Of Sun, Blood & Wine: The Story Behind South Tyrol’s Red Eagled Flag


Kate + Vin

South Tyrolean Flag in front of Sassolungo massif
tyrolean eagle icon

Explore the legacy of South Tyrol’s flag, featuring the brilliant red Tyrolean Eagle, a coat of arms steeped in history that has profoundly shaped the region and its people.

Wander anywhere in South Tyrol, from the lushest of valleys to the craggiest of peaks, and you’re certain to lock gazes with its ancient emblem. The Tyrolean Eagle makes its presence known in majestic and understated manners alike. Whether proudly roosting on red and white banners fluttering in the alpine breeze at mountain huts in the Dolomites, or soaring on castle walls wearing centuries of ruin, this fiery heraldic crest is sure to ignite your curiosity when visiting the region.

In this post, we share a few of the fascinating details surrounding South Tyrol’s age-old insignia. Knowing a slice of the region’s past before traversing its paths will infuse your trip with richer meaning creating bonds that will resonate long after you’ve bid farewell to its vistas.

About Coats of Arms

According to historians, coats of arms arose during the 11th century. Ironclad warriors of the time adorned their shields with these symbolic representations, not only as vanity pieces to trumpet their victories but also as a billboard meant to strike fear in their foes on the battlefield.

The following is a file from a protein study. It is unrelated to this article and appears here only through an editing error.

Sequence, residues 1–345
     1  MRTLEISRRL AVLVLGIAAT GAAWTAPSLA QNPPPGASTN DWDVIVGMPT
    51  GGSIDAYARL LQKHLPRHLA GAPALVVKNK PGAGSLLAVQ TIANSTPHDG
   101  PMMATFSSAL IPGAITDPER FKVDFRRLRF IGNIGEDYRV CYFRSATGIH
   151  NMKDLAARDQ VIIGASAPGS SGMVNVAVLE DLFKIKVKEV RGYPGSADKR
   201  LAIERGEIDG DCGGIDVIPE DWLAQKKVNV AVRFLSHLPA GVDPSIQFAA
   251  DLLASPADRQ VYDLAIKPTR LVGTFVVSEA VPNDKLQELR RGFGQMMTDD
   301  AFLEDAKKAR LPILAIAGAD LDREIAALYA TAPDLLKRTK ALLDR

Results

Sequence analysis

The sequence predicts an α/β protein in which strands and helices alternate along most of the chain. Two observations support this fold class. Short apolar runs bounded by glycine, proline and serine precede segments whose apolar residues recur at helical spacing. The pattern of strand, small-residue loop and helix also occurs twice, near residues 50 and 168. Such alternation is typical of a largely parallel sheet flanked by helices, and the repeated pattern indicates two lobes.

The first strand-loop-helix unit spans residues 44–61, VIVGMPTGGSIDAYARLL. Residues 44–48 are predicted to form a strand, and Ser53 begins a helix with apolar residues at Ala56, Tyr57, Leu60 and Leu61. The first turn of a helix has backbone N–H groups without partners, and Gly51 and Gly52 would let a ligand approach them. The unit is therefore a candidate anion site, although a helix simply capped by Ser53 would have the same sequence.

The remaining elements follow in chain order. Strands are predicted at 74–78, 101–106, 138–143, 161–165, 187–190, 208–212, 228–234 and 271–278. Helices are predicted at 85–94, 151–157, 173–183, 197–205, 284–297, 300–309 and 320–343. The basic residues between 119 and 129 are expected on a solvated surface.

Originally, each emblem was as distinct as the knight it represented, a vivid chronicle of personal feats etched onto their protective armor. However with time, they evolved into standard markers, flag bearers of familial lineage, and signifiers of allegiance to a throne.

red eagle coat of arms churburg castle
The unifying symbol of South Tyrol can be found flying throughout the land.

By the 13th century, coats of arms were commonplace — stirring a sense of dread or pride depending on the viewer. They billowed from banners in the thick of war or snapped in the wind high atop the turrets of fortifications and strongholds. Yet, the power of the coat of arms wasn’t a free-for-all — it was a privileged mark exclusive to the royals, and those anointed by a king or queen.

In those times, when a royal family adopted a coat of arms, it wasn’t merely about choosing an emblem. It was an assertion of their lineage, their power, their distinct identity, and the sphere of influence they held. The claiming of a coat of arms was tantamount to staking a claim on a heritage that would reverberate through time as it was passed down from one generation to the next.